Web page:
On Thursday 29th June, Jo Churchill MP marked her re-election to Parliament by contributing to debate of the Queen’s Speech. Speaking in the Chamber, she discussed the government’s pledge towards jobs and the national economy.
Speaking only for a short time, Mrs Churchill drew upon the vibrant local economy in her Bury St Edmunds constituency as well as making a positive case for aspects of the Government’s economic record:
“Bury St Edmunds is a great place to do business with a thriving small business sector that is outpacing the national average… I welcome this Queen’s Speech to inspire entrepreneurs—I have been employing people—but the shadow Chancellor’s picture was one of gloom, high tax, borrow and spend. That is not the right way to deliver jobs in any economy. Bury St Edmunds is in the top 20% of economically active constituencies and it reflects a sound economy.
The UK employment rate is nearly 75%. Unemployment is 4.6%—the lowest since 1975—but 690 people in my constituency do not have a job. We need to get them one. We are here to create the right environment and opportunities, and to break down barriers so that everybody can show their talents and abilities.”
Mrs Churchill went on to put forward the business case in delivering jobs, warning that businesses may currently struggle to deliver more, higher paid jobs:
“It is often the case that the more a business raises wages, the lower its profit margin and, therefore, the lower its corporation tax return. All the talk saying that everything can be solved by corporation tax rises is nonsense. We must have an eye to what we force businesses to do. A constituent of mine in her early 60s said, “Please do all you can to stay in power for the next five years to give lots of people job security.” She is paid only just about the national living wage but she says that she would rather earn that in a steady job than be on jobseeker’s allowance. She said that she is not poor and she is not the rich elite, but she looks to us to provide security.”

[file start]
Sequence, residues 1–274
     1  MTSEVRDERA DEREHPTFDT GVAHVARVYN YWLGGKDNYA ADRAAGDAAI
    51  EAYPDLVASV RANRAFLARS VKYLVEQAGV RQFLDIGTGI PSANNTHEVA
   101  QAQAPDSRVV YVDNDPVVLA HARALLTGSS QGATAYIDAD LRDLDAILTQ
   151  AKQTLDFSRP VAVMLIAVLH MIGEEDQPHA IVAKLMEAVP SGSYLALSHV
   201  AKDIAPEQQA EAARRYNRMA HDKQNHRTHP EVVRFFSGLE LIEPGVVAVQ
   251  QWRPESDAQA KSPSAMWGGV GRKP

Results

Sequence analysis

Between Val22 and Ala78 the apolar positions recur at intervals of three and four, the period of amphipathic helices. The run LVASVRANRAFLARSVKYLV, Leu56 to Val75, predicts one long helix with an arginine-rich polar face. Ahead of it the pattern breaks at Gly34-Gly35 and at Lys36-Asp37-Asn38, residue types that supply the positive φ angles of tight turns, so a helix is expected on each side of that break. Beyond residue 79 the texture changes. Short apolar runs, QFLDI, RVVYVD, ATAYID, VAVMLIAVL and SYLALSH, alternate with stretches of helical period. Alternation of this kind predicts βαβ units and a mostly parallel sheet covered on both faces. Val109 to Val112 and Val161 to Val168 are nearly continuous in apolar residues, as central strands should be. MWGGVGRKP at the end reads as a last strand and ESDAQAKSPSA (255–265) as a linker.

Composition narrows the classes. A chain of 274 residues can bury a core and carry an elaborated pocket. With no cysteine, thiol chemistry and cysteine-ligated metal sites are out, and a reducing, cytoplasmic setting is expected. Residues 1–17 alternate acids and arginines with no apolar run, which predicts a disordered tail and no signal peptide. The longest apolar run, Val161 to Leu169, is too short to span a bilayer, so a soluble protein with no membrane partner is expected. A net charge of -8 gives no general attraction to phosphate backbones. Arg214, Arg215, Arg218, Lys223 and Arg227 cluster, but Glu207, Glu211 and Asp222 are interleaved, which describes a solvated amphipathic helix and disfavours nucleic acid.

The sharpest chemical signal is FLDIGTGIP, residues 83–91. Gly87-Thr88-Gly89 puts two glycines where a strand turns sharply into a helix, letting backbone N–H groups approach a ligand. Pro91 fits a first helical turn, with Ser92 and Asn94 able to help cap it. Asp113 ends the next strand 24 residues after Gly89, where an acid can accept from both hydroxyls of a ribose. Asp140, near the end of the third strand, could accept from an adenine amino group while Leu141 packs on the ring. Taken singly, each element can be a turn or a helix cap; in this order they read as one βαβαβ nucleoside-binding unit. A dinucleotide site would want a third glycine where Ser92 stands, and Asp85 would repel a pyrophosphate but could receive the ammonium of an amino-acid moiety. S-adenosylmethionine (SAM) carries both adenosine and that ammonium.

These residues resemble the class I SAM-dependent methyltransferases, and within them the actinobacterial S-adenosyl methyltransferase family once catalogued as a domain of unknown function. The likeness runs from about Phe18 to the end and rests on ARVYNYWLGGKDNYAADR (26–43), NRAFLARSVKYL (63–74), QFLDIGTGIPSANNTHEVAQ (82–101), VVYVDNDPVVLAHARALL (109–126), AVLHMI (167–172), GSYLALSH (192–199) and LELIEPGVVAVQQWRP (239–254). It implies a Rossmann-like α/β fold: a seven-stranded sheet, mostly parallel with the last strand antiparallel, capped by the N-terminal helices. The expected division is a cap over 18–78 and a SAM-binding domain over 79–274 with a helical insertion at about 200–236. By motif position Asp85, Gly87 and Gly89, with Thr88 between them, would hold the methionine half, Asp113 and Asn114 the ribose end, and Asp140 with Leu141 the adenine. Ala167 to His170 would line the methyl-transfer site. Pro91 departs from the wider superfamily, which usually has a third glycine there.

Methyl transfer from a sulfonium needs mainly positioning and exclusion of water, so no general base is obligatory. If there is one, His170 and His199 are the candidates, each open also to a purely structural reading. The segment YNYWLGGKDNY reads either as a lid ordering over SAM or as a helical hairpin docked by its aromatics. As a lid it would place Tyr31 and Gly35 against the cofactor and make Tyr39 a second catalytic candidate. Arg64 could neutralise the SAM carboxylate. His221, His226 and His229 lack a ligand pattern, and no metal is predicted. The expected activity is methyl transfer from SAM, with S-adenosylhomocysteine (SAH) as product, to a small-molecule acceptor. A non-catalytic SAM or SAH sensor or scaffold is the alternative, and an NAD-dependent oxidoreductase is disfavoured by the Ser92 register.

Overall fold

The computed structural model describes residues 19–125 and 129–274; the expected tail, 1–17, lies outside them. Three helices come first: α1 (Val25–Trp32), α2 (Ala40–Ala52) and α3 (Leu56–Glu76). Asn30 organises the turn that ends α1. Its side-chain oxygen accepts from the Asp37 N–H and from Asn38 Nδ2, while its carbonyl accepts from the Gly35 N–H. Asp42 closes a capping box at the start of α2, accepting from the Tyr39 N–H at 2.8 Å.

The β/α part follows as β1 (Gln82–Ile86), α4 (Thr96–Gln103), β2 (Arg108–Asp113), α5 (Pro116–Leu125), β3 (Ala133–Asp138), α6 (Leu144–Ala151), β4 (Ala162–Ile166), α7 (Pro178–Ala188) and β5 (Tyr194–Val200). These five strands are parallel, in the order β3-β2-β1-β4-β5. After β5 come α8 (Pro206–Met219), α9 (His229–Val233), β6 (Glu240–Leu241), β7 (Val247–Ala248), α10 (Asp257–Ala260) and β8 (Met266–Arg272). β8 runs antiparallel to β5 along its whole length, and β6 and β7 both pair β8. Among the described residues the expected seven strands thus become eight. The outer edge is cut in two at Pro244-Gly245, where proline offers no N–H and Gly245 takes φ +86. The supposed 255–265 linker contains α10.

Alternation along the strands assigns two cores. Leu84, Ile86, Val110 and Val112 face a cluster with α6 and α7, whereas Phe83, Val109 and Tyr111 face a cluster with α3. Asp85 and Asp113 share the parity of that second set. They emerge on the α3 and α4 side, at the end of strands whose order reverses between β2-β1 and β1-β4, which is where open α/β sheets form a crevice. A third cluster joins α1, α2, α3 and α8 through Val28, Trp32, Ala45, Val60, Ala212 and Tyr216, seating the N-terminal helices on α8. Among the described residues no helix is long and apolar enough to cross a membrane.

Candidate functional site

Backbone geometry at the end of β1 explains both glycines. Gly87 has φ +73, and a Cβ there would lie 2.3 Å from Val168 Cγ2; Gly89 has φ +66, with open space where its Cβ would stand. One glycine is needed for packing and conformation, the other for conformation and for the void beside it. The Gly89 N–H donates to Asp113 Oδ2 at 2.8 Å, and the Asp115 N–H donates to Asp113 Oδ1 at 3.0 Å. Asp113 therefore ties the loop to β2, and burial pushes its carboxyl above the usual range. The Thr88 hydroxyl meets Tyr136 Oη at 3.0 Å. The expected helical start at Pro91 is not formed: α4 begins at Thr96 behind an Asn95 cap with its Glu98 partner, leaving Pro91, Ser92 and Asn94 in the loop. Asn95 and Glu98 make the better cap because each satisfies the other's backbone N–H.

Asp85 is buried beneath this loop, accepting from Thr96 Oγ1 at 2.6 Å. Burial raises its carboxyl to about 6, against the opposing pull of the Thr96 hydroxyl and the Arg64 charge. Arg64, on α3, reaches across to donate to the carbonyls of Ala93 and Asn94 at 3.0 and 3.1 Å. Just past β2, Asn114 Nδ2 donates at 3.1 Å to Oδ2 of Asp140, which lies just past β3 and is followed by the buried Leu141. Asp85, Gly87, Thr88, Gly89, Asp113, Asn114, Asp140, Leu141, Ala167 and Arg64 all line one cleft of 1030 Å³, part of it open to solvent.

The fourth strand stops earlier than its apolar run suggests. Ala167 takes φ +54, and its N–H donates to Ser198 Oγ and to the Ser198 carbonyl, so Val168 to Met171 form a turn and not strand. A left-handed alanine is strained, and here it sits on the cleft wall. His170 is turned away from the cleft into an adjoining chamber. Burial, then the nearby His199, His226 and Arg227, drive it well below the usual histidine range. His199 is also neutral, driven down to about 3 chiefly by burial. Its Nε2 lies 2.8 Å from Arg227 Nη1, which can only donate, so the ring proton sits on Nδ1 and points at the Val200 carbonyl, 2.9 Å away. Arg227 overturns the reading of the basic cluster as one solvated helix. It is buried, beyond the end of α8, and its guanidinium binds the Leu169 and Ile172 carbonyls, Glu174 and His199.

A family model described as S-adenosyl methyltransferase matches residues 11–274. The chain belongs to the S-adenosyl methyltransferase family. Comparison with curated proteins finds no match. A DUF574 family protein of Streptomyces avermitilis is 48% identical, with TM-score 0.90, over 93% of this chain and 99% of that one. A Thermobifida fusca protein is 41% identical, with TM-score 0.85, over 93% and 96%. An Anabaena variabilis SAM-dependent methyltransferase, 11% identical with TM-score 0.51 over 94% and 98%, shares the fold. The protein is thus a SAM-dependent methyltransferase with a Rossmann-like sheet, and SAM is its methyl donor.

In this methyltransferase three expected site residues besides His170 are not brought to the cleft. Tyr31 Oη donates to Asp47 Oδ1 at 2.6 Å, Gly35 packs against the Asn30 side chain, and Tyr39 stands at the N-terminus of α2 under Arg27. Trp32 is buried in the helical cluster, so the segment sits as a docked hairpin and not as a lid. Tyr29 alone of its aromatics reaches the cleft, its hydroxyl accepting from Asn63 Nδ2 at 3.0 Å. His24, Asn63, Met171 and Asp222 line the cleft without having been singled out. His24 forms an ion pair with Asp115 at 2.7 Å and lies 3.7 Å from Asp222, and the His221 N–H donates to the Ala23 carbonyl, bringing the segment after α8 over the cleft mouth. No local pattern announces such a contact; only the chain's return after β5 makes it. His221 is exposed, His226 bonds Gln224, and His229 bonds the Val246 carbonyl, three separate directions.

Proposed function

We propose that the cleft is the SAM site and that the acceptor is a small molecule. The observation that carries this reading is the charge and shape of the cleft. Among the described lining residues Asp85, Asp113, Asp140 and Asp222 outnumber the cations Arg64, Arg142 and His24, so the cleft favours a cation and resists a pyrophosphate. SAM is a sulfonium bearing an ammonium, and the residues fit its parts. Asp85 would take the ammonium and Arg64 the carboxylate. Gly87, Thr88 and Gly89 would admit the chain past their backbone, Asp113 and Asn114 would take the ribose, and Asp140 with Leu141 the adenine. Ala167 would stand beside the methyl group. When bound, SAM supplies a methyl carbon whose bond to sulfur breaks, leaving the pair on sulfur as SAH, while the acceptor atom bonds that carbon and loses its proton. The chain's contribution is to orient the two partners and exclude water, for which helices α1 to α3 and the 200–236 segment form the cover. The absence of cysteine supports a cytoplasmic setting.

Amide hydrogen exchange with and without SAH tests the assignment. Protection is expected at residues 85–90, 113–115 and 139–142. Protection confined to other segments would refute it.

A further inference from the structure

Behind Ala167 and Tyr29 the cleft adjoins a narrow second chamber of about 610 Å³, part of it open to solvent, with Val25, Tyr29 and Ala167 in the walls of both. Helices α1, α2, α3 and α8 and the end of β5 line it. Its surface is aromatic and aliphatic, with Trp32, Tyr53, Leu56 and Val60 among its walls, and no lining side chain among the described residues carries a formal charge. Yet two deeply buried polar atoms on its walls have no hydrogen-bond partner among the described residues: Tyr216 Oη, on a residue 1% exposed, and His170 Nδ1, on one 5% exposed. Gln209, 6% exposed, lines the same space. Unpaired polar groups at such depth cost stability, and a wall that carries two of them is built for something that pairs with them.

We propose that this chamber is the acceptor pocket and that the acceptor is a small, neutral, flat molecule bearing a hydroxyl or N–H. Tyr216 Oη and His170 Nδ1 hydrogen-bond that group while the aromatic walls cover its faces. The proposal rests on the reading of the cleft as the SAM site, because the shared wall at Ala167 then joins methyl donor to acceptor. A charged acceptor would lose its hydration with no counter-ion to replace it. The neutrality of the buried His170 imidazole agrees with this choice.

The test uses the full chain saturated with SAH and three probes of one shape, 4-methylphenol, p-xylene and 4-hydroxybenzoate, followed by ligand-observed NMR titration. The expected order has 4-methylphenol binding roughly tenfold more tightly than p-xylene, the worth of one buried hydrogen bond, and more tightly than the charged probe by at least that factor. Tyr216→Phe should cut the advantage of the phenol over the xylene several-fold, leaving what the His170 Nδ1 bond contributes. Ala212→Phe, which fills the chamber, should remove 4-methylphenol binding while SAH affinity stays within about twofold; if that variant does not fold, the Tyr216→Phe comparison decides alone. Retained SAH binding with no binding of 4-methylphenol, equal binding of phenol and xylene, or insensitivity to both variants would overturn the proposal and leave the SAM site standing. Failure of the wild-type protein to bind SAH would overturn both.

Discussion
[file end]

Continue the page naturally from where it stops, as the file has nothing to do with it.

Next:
However, Jo offered an optimistic note as she concluded:
“We need to ensure that the climate is right and that people have the right skills so that employers and employees thrive. I am pleased that the industrial strategy is bold and follows growth. It is good that we should invest 2.4% of GDP in research and development…
…We need to ensure that we actually inspire when we see opportunities, such as in our further education colleges. I want West Suffolk College in my constituency to be one of the leading institutes of technology, driving opportunity and connecting business.”
Speaking after the debate, Jo Churchill commented:
“This Queen’s Speech debate concerning the economy was an important national debate following the election. As a country now looking forward, I wanted to make the positive case for our record and how this has benefitted my Bury St Edmunds constituency, as well as make a positive case for what we should be looking towards.
With a thriving small business sector across my constituency, I wanted to make the point that jobs and taxes must not come at the expense of businesses; who must deliver on both. It is evident that fiscal responsibility and support for businesses has nurtured growth in areas like Suffolk but, as I stated, it is right we look to make future investments and for our future generations.
This I believe, will be a crucial debate going forward and I was pleased to have been able to speak up, at this stage, and make the case for my Bury St Edmunds constituency.”